This leaves me a little confused too. I would assume devant lends itself to meaning "in front of", as in "he was in front of her in the queue". But "before" could be used in a temporal sense in the same example: "he was before her in the queue" with a similar meaning.


Unless I completely misunderstood, I think I've gathered from some older French texts that the 'devant' / 'avant' dynamic is more or less the same as the 'in front of' / 'before' one in English -- so, it could be said that 'he is in front of his wife' (devant), or 'he is before his wife' (avant). They do carry ever so slightly different meanings (even in this sense), and in more recent times 'avant' may have fallen out of favour, or become reserved for more formal and / or poetic uses, as in English; but I do believe they're both valid. (Someone feel free to correct me if I'm wrong though!)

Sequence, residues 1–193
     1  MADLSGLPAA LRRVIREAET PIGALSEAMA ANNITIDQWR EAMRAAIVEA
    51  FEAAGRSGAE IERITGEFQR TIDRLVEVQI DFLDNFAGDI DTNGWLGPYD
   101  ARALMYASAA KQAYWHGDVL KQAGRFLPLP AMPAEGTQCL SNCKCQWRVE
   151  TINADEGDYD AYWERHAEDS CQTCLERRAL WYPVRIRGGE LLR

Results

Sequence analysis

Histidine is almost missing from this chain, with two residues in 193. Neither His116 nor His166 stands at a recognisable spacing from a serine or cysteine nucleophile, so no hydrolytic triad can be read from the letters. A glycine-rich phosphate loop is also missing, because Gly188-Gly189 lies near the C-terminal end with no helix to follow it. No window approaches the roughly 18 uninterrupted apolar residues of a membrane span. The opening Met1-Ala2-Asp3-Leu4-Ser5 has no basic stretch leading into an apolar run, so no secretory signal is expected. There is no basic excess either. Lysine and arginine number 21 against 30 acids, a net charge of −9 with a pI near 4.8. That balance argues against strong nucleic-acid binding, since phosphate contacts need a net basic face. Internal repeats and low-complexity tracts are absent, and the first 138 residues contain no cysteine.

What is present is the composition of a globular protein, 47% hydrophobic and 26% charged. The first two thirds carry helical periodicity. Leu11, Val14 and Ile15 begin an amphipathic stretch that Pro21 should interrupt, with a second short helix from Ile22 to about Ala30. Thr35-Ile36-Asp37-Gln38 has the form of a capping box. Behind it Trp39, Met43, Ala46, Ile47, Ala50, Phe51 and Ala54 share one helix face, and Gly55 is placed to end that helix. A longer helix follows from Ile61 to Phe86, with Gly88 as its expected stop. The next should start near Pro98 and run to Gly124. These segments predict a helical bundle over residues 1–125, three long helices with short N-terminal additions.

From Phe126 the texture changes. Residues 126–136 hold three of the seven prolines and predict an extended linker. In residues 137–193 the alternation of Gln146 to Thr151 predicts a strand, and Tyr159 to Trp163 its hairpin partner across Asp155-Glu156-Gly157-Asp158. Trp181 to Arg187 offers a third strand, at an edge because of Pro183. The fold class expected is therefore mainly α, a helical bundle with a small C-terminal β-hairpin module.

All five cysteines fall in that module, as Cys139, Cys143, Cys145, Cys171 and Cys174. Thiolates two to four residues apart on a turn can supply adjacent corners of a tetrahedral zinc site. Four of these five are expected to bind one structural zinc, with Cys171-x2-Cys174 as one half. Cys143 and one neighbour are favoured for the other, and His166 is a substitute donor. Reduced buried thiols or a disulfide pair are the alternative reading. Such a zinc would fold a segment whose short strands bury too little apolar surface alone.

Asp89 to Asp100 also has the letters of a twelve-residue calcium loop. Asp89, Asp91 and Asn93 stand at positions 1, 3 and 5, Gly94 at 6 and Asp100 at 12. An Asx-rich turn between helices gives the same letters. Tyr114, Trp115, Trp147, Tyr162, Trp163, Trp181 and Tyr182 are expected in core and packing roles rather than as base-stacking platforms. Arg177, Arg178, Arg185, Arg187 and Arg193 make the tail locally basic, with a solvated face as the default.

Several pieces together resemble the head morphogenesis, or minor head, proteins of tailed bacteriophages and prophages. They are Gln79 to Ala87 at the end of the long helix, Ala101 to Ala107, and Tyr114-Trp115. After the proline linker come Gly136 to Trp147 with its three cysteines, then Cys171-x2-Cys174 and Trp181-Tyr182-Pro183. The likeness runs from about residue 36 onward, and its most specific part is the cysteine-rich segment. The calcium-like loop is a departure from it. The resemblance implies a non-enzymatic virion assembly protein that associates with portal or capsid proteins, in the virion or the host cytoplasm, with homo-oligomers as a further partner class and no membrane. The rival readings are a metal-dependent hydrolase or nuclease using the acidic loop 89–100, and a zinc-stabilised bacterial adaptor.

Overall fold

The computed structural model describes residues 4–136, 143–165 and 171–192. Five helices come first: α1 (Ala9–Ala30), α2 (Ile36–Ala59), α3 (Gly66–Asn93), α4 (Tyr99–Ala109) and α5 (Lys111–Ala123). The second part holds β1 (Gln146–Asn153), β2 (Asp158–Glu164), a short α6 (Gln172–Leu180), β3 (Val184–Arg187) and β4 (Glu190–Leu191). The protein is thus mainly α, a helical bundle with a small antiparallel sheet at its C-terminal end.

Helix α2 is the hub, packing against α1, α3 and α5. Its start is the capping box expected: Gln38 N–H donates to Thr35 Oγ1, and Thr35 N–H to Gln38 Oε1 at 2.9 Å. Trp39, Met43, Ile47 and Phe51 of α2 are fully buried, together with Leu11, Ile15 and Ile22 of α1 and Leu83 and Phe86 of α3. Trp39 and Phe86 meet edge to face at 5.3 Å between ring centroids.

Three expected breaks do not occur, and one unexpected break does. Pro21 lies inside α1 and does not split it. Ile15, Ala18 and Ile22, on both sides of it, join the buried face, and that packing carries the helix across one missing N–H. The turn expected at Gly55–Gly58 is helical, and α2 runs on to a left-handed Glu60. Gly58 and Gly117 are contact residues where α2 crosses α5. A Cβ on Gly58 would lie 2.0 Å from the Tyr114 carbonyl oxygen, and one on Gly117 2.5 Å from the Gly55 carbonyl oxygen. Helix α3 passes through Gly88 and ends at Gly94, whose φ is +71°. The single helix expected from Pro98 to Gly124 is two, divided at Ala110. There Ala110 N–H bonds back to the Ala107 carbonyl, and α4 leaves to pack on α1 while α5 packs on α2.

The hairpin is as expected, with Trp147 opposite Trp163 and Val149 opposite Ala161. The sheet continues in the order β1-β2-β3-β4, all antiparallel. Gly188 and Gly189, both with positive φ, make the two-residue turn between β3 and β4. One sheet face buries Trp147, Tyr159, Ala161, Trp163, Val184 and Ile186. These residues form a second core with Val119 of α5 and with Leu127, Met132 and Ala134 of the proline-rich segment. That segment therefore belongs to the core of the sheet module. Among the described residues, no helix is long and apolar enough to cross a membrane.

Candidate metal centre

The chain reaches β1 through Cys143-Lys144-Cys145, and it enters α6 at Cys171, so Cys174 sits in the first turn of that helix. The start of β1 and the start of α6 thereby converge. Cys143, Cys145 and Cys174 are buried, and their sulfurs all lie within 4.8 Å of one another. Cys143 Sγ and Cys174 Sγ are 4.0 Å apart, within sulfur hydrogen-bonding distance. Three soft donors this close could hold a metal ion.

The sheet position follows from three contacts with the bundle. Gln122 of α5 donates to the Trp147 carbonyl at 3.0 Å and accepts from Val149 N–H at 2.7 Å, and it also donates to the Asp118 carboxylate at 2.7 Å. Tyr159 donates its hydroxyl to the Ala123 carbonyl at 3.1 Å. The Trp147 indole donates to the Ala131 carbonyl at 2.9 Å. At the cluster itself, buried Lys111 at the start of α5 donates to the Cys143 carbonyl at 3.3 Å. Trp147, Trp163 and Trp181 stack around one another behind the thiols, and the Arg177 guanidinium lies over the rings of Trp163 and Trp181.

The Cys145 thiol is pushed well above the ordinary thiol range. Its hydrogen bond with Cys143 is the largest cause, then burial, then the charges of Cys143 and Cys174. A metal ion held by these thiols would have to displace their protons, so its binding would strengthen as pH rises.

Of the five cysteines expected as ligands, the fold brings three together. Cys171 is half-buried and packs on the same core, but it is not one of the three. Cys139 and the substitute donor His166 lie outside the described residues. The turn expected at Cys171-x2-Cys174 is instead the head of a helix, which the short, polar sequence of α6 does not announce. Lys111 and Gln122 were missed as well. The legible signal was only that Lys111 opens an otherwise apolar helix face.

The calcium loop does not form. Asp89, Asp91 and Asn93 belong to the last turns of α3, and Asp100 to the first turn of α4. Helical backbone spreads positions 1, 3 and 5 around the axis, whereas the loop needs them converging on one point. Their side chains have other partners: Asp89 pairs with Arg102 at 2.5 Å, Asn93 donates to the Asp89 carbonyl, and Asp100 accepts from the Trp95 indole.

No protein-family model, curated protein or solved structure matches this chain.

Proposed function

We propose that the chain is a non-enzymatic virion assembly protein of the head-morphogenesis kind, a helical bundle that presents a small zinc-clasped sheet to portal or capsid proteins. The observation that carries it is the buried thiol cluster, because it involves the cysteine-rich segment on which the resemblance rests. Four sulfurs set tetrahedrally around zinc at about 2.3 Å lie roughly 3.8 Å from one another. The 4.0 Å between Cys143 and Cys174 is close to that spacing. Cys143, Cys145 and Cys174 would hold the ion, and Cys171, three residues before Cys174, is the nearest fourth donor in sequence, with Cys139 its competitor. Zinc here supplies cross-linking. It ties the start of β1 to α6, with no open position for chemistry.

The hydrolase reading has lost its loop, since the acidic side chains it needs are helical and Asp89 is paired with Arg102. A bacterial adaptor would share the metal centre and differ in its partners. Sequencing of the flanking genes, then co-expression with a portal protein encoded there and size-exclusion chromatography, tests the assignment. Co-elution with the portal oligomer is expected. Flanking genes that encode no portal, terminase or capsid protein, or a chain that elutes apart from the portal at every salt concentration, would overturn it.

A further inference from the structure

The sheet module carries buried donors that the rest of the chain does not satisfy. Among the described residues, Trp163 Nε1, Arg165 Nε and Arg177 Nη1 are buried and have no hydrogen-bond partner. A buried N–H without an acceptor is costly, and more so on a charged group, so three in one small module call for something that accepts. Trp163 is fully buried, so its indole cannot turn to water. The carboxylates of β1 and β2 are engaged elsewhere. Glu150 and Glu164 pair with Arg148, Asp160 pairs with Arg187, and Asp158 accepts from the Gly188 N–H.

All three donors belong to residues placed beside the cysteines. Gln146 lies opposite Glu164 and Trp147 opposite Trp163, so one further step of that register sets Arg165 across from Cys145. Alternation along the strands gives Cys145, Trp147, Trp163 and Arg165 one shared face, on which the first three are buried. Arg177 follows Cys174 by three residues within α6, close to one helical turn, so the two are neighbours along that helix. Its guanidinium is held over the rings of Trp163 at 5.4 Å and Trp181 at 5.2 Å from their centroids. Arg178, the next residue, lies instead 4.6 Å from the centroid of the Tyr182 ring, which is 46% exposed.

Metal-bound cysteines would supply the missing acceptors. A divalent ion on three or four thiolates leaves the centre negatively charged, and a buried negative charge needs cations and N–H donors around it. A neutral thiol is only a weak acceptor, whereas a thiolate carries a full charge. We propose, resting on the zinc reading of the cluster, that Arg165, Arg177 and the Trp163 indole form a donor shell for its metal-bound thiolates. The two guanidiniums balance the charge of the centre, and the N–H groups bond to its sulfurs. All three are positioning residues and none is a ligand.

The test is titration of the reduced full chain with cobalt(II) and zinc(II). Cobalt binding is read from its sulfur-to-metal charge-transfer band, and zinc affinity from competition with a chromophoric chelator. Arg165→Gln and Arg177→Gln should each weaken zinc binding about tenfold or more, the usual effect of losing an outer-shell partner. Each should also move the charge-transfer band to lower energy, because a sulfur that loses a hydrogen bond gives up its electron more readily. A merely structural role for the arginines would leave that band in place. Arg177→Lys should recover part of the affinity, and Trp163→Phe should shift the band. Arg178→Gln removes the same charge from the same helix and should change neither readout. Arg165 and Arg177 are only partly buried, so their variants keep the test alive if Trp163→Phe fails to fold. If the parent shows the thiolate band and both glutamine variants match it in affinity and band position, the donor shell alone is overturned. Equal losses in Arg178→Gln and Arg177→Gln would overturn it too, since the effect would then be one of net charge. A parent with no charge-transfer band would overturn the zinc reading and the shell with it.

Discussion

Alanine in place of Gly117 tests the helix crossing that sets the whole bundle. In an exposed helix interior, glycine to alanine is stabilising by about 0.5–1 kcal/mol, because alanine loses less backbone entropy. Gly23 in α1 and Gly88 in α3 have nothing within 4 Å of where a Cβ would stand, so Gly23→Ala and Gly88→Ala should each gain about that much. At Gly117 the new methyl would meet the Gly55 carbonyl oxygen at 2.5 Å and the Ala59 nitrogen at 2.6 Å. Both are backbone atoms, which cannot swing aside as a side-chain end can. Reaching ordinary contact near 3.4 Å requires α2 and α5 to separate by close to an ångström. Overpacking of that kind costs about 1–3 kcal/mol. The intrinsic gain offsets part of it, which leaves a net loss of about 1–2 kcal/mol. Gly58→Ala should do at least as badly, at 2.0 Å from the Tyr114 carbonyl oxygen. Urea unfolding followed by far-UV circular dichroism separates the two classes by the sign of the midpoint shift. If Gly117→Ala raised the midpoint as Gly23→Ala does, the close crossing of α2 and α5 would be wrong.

devant - spacial, ie, standing in front of avant - temporal, ie, occurring prior to


As an amendment to my previous comment: I've looked this up and can't find anything (in modern sources) to support 'avant' being used with (nearly) identical meaning to 'devant' -- but I'm sure I've read it that way somewhere. Perhaps it's used that way only poetically?


No, this goes back to the spatial/temporal distinction I was talking about above.


In a queue at the dentist he could be before his wife!


he is ahead of his wife should be correct also


Or He is in front of his wife.


No actually "avant" is used to indicate before as in time, while "devant" is the word to say "in front of".


Yes it is accepted. Perhaps it has not always been accepted by duo.


Could this also be translated as: He is in front of his wife?


In this example,
avant = before
devant = in front


But does this still imply that he's in front of her? Is this "before" meant in the temporal or spatial sense? (Or either?) EDIT: One of the other discussions clarified that this is temporal, not spatial, I think.


What is the difference between spatial and temporal?


Spatial: Positioned before his wife, like standing in front of her. Temporal: Before his wife in the sense of time, like he's going into the doctor's office before her.


"in front of" was just accepted